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Crisis: Limiting LatAm Damage

Capital is a coward, and taking a hard turn toward resource nationalism and expropriations scares away investors.


As the global economic crisis deepens, the blame game is in full swing. And of all the people who have a right to be incensed by the global meltdown, the most aggrieved could well be Latin Americans. After years of questionable policy choices, the region took the requisite steps to emerge as a healthy player in the global economy, stabilizing inflation and reducing debt, diversifying exports, and promoting investment while attacking poverty head on. Now, as crisis grips the global marketplace, Latin American leaders must stay on track. To use the language of the stock market, they do not want to take policy steps that will lock in their losses.

When the economic tornado landed on Wall Street, hemispheric leaders thought they would escape the downdraft and spoke disdainfully of any need for a plan B.  Why, Latin Americans asked, should they listen to any policy prescriptions coming from Washington, implementing them at considerable political cost when, in fact, developed nations themselves were playing roulette with the global economy?  

But as this crisis materialized and metastasized, Latin Americans were drawn into the vortex. Some countries like Brazil are better positioned than ever before to weather an economic storm.  But the worse it gets—lowering growth, reversing job creation, reducing living standards and increasing poverty—the greater the cause for concern. How Latin Americans respond to the crisis will determine their fate.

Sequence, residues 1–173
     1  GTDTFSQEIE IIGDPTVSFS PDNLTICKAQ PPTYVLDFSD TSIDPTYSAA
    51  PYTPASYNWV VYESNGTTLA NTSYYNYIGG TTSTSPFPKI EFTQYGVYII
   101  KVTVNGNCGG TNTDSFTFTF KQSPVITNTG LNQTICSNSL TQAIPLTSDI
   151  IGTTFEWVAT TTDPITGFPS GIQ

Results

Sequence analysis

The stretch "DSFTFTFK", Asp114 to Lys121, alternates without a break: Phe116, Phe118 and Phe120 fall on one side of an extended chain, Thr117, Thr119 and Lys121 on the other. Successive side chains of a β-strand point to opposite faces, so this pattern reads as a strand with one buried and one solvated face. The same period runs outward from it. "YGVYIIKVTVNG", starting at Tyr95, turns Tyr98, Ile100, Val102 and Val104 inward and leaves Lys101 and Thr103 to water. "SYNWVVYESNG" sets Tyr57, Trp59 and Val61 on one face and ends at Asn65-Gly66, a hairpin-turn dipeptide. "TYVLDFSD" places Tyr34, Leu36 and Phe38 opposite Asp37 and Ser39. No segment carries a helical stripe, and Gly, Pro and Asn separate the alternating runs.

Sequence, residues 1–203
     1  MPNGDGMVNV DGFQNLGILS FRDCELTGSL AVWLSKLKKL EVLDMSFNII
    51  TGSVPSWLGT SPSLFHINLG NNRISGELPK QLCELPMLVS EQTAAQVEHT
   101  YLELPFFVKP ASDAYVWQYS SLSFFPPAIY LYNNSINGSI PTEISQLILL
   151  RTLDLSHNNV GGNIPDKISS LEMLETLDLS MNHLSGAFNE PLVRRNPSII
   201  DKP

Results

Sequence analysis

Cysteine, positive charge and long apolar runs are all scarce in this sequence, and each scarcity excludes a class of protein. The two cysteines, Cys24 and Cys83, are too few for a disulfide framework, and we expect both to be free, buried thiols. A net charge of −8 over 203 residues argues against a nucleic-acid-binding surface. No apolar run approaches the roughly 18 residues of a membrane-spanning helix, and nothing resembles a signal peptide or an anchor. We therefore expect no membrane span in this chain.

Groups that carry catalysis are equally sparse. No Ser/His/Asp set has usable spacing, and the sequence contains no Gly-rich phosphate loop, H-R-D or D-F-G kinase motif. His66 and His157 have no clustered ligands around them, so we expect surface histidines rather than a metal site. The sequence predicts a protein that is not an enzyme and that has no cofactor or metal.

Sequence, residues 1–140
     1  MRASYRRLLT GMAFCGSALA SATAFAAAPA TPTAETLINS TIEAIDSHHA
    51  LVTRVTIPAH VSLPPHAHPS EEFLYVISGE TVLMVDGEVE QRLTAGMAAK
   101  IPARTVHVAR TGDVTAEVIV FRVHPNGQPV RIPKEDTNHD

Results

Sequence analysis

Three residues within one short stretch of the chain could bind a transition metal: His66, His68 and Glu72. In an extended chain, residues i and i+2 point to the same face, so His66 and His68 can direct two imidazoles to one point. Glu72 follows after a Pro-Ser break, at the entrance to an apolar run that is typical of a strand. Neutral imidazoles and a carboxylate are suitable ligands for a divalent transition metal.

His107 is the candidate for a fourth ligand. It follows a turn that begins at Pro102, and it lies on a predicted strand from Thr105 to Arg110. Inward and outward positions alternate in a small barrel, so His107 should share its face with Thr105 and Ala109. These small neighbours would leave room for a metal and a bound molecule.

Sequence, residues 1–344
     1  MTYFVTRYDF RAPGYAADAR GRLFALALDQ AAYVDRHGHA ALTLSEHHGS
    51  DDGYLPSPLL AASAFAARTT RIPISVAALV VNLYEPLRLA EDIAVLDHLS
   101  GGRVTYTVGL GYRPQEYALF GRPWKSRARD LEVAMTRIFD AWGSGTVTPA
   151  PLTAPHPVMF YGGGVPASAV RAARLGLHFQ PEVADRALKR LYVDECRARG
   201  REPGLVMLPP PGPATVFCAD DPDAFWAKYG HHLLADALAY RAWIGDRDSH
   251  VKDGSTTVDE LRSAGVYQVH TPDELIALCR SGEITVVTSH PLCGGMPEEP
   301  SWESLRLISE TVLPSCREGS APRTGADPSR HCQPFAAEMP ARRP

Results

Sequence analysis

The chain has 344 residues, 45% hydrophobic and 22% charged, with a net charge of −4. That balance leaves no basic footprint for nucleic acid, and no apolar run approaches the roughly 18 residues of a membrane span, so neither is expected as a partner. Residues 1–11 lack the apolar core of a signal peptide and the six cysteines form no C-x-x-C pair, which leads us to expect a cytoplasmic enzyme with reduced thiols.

In the first instance, they should do no harm. Latin American nations need open North American and European markets now more than ever. They also need those economies to be healthy in order to maintain the global commodities trade. In recent years, the exploding commodities trade with Asia allowed commentators across the region to suggest Latin America was in the process of “decoupling” from the United States economically. But Washington still stands as Latin America’s top trade and investment partner. Without a doubt, China is an increasingly important market, too, but if demand in the developed world decreases, so will Chinese demand for raw materials from Latin America to produce goods for export to other markets. As a commodities exporter, Latin America should make a concerted push to open markets wider, especially in agriculture, fighting hard against the inevitable calls for protectionist retrenchment—whether their own or others.
Second, Latin America should do everything it can in the near term to attract increasingly scarce global capital flows. Capital is a coward, and taking a hard turn toward resource nationalism and expropriations scares away investors. Unfortunately, in the midst of the financial crisis, some countries in the region have already stepped up their anti-investor rhetoric and actions. More broadly, development of a growth agenda should be pursued with a laser-like focus, including improvements in education, judicial reform and rule of law, regulatory structures, and efforts to strengthen the micro-economy.

After losing a decade of development in the 1980s due to years of economic stagnation and questionable policy choices, Latin Americans learned hard lessons. They ended wars, reined in dictators, and got their economies under control. They cut the cord with a dying Soviet Union and patched up relations with the United States, which itself did immense good in promoting debt relief, investment promotion, and trade expansion.
Regional leaders can now assist their own cause by taking tangible steps to cauterize the fresh economic wounds inflicted by global meltdown. And the United States, where the crisis began, has a responsibility to assist.  Our strategic interests demand that we do.

Eric Farnsworth is Vice President of the Council of the Americas/Americas Society in Washington.This column is based on the Viewpoint Americas series from the Council of the Americas. Republished with permission.


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